conclusions. Crystallin hybrids have previously been detected in the water-soluble lens crystallin fraction. Our findings indicate that such endogenous hybrids, formerly called “rods,” may result from stress-induced interaction between α-crystallin and other lens constituents such as βL-crystallin. Because the hybrid formation is enhanced when α-crystallin from UV-A–irradiated lenses is used as one of the two components of the hybrid, one can only speculate that this formation may be one of the factors leading to UV-A cataract.

Two members of the small heat shock protein family, 1 2 αA- and αB-crystallin, possess molecular chaperone properties. 3 A decade ago it became apparent that these two polypeptides, which form 800-kDa aggregates in the lens, also exist in a variety of other tissues. 4 5 6 Current studies indicate that small heat shock proteins like αB-crystallin are able to interact with intermediate filaments in response to stress and to function as molecular chaperones. 7 8 9 10 Earlier ultrastructural observations showed that crude fractions from chicken lens consisted of 5- to 6-nm-thick core filaments and irregularly sized globular particles 15 to 20 nm in diameter called “beaded filaments.” 11 It was noted that the “beads” had dimensions that were similar to native α-crystallin. 12 Moreover, two proteins with molecular masses of 115 and 49 kDa, respectively (named filensin and phakinin), have been localized in the beaded filament fraction of the lens with the aid of immunoelectron microscopy. 13 14 However, the question still remains whether or not other lens proteins may be involved in the formation of filamentous structures. In this report we demonstrate that water-soluble α-crystallin has the ability to form, in response to heat stress, in vitro filament-like structures with one other crystallin, namely βL-crystallin. This filament formation is enhanced by UV-A irradiation.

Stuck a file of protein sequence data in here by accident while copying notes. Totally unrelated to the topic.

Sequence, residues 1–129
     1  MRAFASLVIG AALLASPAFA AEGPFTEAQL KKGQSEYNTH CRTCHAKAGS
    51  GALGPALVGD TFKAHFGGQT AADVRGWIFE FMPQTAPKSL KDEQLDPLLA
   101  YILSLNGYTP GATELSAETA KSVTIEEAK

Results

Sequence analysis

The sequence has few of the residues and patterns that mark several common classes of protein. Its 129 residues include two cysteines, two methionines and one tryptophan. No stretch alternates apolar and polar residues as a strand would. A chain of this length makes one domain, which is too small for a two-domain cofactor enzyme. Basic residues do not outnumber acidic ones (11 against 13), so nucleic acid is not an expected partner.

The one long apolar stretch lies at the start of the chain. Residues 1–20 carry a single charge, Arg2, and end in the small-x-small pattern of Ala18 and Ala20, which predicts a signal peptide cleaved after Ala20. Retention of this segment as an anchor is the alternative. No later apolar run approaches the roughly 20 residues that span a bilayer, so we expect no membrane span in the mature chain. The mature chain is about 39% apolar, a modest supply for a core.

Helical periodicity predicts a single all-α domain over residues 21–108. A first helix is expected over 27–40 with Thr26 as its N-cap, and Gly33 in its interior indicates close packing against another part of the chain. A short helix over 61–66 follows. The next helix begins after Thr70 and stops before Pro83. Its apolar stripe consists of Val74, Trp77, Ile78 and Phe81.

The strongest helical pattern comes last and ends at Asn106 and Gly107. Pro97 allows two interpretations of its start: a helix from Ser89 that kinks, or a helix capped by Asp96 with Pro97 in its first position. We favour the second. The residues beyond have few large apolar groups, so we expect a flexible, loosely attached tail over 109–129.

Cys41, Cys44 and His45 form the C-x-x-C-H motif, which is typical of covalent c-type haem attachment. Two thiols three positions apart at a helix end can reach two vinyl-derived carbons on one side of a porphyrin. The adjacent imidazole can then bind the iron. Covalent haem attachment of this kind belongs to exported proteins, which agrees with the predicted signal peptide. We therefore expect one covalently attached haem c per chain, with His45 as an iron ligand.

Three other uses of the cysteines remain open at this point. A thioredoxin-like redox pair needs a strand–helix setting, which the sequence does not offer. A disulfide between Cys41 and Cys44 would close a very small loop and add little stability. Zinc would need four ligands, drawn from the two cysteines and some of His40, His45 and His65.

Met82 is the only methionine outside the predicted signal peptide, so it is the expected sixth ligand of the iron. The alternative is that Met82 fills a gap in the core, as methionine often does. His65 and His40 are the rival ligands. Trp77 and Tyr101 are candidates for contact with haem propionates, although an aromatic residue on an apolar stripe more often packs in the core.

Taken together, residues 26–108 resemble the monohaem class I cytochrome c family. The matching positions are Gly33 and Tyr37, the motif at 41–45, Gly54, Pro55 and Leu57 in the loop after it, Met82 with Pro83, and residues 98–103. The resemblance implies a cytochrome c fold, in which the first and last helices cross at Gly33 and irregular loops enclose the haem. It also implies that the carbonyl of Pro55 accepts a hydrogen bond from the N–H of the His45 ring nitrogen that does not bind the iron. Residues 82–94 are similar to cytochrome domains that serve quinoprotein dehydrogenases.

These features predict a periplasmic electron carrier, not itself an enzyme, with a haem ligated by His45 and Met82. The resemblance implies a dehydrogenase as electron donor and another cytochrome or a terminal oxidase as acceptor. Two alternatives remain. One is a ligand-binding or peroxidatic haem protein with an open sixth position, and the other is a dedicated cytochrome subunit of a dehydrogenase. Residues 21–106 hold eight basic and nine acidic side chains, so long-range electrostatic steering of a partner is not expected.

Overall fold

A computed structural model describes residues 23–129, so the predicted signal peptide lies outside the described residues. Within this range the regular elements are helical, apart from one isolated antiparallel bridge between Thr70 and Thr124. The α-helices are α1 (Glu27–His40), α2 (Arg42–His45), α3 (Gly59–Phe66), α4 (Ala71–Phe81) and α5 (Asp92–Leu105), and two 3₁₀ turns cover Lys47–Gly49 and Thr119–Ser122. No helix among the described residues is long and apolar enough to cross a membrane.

Methods
UV-A Irradiation
Lenses, excised from 2- to 4-year-old bovine eyes, were irradiated in special organ culture glass vessels described previously by Dovrat and Weinreb. 15 Briefly, a 400 W UV lamp (Vilber, Lourmat Cedex, France) contained a filter that provided radiation of 33 J/cm2 for 75 minutes at 365 nm. 
Fractionation of Crystallins
Lenses were dissected under a binocular stereomicroscope. The lens cortex was homogenized in 100 mM Tris buffer at pH 7.5 and spun at 4°C at 13,000g for 30 minutes. The supernatant comprises the water-soluble lens fraction. Separation of this fraction into α-,β H-, βL-, and γ-crystallin was carried out by gel filtration on a Sephacryl S-300 (Pharmacia-LKB, Uppsala, Sweden) HR column. 16  
Chaperone-like Activity